Previous studies have shown the differences in the experiences reported by trainees in NUBR and UBR programs. Our results extend this work by examining the performance of graduates from each type of training program. We show the differences in the distribution of procedures performed by surgeons trained in either program, with NUBR-trained surgeons performing a higher volume of cases and having a greater proportion of their case mix devoted to outpatient procedures. In addition, a greater proportion of NUBR-trained surgeons’ case mix is devoted to endoscopy.

General surgery residency programs in the United States are currently facing the challenge of producing enough qualified graduates to meet a predicted national shortage of general surgeons,30 a shortage compounded by increasing subspecialization throughout the field.31,32 Due to the increasing complexity of procedures and patients as well as the aging population, the health care system needs both general surgeons and those with specialized areas of focus.33 Our results support the existing literature on the important role that surgeons trained in both NUBR and UBR programs play in our health care system. Both NUBR and UBR programs train surgeons to perform essential and complex operations, supporting the proposal for NUBR programs to serve as a repository of clinical educators skilled in the breadth of general surgery and as a source of future general surgeons.34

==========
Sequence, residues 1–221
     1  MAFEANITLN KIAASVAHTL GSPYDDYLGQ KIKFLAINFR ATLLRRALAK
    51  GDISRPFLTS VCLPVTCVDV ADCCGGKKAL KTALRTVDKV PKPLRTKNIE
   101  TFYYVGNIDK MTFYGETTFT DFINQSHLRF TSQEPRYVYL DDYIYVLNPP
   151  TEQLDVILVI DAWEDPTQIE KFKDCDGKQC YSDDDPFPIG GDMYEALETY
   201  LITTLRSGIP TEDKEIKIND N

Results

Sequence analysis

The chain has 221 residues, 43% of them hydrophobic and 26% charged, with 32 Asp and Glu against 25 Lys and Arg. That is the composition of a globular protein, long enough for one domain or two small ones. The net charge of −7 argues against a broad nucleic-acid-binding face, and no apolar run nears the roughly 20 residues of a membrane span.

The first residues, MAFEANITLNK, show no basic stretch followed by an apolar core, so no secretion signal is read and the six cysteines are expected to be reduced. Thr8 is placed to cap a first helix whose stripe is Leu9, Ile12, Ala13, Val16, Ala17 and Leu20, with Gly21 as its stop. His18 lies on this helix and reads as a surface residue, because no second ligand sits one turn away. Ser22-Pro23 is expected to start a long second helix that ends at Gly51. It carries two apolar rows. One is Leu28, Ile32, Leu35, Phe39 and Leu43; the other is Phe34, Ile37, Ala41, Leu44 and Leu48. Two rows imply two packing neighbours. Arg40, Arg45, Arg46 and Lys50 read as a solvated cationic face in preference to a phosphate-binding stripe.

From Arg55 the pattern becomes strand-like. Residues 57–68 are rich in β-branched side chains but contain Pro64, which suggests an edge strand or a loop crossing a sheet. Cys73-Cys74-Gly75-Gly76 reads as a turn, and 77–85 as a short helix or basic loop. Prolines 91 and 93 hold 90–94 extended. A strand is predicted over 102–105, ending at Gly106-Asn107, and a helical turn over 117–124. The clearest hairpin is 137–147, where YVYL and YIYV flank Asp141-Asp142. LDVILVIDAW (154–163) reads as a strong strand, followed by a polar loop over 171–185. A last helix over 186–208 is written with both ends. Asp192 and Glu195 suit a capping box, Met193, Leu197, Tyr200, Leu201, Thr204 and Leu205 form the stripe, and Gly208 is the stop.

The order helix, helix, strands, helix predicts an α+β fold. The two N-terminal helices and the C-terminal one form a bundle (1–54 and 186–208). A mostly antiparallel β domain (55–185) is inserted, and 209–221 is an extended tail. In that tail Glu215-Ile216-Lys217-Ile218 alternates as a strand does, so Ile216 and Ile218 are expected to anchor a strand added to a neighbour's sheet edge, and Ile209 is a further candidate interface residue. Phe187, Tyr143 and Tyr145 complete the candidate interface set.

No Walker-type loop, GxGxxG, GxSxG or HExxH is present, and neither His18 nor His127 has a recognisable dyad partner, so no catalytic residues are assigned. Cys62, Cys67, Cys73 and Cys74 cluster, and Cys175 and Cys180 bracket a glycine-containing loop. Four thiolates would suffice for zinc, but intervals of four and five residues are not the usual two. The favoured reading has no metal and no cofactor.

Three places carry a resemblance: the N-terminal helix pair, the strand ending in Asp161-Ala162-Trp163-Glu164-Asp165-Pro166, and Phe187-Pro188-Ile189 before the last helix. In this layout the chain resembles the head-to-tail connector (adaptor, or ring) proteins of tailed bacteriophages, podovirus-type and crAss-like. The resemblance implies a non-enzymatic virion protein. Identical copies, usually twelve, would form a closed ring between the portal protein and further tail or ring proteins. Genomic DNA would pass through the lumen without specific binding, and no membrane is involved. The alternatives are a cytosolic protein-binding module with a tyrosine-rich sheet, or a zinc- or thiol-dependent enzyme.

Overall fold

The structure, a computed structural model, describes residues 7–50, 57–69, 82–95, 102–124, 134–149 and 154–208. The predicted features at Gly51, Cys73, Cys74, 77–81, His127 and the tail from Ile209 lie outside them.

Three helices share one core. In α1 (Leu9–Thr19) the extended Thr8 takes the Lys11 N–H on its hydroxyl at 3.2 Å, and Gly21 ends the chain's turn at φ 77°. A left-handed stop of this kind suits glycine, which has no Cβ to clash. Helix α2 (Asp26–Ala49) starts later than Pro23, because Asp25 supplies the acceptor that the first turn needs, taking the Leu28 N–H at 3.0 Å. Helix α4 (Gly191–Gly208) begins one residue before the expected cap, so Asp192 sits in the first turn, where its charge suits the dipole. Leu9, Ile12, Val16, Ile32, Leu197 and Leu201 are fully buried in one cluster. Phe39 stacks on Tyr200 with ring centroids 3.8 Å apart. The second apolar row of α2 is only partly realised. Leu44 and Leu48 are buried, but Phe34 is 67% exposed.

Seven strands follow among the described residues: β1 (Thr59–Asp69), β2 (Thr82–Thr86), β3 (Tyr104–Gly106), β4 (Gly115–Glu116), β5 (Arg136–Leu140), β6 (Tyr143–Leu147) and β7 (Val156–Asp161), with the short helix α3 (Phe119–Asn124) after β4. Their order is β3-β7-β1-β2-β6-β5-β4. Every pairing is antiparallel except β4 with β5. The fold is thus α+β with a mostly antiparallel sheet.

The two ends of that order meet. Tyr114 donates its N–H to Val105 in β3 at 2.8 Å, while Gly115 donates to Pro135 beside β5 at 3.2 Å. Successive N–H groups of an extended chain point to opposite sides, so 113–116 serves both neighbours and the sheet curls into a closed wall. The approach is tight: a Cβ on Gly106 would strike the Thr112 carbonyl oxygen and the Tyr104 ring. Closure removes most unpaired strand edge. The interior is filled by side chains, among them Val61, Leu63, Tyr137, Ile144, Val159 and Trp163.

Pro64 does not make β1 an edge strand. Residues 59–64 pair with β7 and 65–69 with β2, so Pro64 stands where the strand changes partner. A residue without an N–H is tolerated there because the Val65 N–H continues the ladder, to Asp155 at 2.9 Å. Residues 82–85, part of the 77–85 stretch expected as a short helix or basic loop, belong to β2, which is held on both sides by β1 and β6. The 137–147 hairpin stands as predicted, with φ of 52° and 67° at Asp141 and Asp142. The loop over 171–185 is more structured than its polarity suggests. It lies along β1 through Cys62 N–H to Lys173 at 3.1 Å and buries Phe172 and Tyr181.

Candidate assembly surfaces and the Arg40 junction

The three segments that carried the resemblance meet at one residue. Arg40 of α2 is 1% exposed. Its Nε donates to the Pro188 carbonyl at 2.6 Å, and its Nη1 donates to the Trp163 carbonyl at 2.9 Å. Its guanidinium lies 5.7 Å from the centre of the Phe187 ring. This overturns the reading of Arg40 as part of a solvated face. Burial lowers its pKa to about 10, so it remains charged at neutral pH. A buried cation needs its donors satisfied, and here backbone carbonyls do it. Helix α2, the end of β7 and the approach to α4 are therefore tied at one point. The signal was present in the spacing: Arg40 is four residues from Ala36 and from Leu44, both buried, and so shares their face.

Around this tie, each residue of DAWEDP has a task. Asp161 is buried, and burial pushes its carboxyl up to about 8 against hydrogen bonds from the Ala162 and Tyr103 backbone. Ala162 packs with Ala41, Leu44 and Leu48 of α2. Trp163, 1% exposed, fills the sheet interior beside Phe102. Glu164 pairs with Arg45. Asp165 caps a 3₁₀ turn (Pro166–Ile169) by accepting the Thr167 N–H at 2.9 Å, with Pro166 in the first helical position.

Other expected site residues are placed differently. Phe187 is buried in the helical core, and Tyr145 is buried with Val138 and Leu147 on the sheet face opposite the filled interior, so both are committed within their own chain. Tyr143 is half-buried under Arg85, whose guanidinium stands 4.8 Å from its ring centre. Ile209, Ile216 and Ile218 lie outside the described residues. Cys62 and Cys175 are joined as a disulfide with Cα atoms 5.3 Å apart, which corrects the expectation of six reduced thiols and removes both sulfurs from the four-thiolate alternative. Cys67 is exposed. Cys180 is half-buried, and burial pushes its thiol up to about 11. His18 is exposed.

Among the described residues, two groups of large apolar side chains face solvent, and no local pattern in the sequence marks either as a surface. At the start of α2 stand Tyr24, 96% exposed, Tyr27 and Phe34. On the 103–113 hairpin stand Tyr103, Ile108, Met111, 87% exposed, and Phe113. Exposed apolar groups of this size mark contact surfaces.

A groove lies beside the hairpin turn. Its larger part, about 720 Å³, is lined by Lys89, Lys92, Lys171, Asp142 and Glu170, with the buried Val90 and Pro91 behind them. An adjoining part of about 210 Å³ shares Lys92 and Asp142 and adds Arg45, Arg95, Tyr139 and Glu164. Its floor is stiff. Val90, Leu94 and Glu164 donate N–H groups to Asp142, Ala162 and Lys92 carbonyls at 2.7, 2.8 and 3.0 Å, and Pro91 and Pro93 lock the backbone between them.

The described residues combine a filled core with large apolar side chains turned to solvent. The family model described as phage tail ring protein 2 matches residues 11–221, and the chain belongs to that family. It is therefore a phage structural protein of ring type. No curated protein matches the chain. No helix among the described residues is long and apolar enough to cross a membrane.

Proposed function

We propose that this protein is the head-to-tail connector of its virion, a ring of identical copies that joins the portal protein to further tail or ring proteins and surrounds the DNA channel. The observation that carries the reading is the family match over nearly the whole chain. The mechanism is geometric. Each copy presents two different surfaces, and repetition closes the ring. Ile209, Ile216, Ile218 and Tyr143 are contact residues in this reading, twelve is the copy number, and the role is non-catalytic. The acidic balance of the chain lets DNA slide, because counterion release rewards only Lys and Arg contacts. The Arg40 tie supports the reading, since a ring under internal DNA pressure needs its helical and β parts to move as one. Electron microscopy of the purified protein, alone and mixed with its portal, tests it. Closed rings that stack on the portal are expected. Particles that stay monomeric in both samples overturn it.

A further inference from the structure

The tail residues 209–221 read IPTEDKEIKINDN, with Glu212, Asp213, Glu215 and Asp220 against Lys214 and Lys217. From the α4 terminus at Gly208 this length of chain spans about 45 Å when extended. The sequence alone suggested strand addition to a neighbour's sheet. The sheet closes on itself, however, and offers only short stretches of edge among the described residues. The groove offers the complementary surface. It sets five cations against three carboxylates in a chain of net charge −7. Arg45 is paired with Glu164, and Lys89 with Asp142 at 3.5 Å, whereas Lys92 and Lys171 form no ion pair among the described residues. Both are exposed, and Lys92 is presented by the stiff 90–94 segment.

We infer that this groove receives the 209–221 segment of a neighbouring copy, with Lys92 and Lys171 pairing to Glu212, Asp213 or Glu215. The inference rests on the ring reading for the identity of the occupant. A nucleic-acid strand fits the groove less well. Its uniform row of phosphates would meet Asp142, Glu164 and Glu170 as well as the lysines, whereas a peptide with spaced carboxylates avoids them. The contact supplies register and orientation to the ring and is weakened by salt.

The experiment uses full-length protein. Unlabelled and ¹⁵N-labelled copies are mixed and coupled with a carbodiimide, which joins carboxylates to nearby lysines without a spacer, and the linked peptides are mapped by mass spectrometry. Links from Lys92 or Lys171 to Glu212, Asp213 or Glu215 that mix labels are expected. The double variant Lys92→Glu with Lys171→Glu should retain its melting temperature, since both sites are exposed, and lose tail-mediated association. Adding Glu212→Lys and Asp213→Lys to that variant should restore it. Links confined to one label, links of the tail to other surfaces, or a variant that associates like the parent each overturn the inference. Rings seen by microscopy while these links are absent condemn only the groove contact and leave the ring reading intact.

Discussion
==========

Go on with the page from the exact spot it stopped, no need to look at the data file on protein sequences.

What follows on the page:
Prior to matching, we noted the differences in the types of inpatient procedures performed as well as the practice setting and types of patients treated by NUBR- and UBR-trained surgeons. For example, a greater proportion of NUBR-trained surgeons practiced in small hospitals, not-for-profit rural hospitals, and investor-owned hospitals. Patients treated by NUBR-trained surgeons had fewer comorbidities, and a greater proportion of these patients were white.

After controlling for the differences in practice patterns among NUBR- and UBR-trained surgeons, we found that, when operating in the same clinical environment, both types of surgeons have clinically equivalent patient outcomes across a wide range of procedures. To our knowledge, no other studies have examined the clinical outcomes achieved by NUBR- and UBR-trained surgeons after transitioning to independent practice. The outcome rates observed in this study for both groups are consistent with those reported in other studies examining clinical outcomes after transition to practice.2